Sunday, January 16, 2011

Small loan write-offs seen hitting Rs1bn

KARACHI: Pakistan’s microfinance institutions will likely write off between Rs800 million and Rs1 billion as recovery of loans becomes difficult in the areas worst affected by last year’s floods, said a senior official of the industry body.
This, however, makes up just four percent of the outstanding loans of Rs25 billion and poses no direct threat to the industry, said Syed Mohsin Ahmed, CEO of Pakistan Microfinance Network (PMN).

Factors such as economic slowdown, recurrent power outages and religious extremism are retarding progress of industry, which saw annual growth of 30 percent between 2005 and 2008 but since then has plunged drastically, he said.

Around 90,000 clients have been badly affected by floods,” he said. “They have lost everything and cannot repay loans, which must be taken off the books.”

At least 700,000 borrowers, mostly based in Punjab and Sindh, who came in the path of raging waters after heavy downpour last August, need additional loans to stand on their feet, he said.

“We estimate that refinancing of Rs7 billion to Rs8 billion is required to help bring these people to their feet,” Ahmed said. “They are not among those being accounted for write-offs. They just need money to reestablish their small businesses.”

These include clients of both microfinance banks (MFBs) and non-governmental organisations working in the area of micro-lending. PMN has 27 members.

State Bank of Pakistan (SBP) has relaxed provisioning requirements for microfinance banks, considering the challenges faced by them, he said. “MFBs can delay provisioning, which allows us to defer expenses and sparing cash to make loans again.”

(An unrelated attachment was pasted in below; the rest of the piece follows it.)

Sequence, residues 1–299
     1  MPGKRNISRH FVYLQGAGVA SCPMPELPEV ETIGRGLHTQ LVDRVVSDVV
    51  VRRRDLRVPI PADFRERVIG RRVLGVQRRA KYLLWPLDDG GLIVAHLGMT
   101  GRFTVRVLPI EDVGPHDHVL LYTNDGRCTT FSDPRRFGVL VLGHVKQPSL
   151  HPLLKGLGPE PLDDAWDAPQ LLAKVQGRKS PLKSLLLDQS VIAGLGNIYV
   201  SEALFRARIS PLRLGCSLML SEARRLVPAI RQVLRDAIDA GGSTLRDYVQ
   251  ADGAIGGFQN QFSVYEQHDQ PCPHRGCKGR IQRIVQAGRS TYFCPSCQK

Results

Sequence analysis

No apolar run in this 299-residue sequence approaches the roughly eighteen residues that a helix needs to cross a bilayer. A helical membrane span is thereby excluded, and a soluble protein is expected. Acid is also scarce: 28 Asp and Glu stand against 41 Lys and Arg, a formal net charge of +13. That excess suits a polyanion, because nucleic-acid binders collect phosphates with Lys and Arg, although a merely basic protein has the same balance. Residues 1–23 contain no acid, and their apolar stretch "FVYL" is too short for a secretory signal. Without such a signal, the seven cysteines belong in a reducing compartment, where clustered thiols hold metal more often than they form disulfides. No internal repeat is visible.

But liquidity constraints for microfinance banks have increased, creating problem for future growth, said the CEO of PMN. Availability of funds from commercial banks that meet 35 percent of the funding needs of MFBs remains on the lower side, he said.

With limited outreach and relatively smaller operations, the MFBs are not yet able to raise enough deposits for meeting the lending requirement, he said. “It will take time to build brands, which enjoy customer trust.”

The deposit base of the MFBs increased to Rs9 billion in 2010 from Rs3 billion in 2006. The overall balance sheet of MFBs stands close to Rs20 billion. Other microfinance institutions raise funds from Pakistan Poverty Alleviation Fund (PPAF) and multilateral donors.

“Commercial banks do not feel the need to make risky lending to MFBs when they earn enough on government securities,” Ahmed said. “We need to promote the fact how important MFBs are to prosperity of the society.”

In 2008, SBP introduced a Microfinance Credit Guarantee Facility to encourage commercial banks to lend to MFBs. “It is doing very well. In the past six months, three deals (between commercial banks and MFBs) were finalised under the facility.”

Still, the risky nature of micro-lending business and larger economic woes discourage commercial banks to fund the MFBs, he said.

Ahmed said that more than inflation, economic slowdown and power crises limited the ability of microfinance borrowers to repay loans on time. “A tailor cannot do much if he doesn’t get electricity for eighteen hours a day.”

Religious extremism in Khyber Pakhtunkhawa has caused the portfolio of microfinance lending to shrink by almost 50 percent, he said. “NGOs were threatened as extremists say the work they do is not Islamic.”

MFBs are now allowed to take deposits from public sector organisations, he said and explained that only scheduled banks can do that. “It’s a technical issue and we are working with the central bank to find a way out of it.”

Pakistan has 2 million microfinance borrowers. The industry, however, sees the market could be as large as 20 million as a large part of population still depends on traditional moneylenders.

1 comment:

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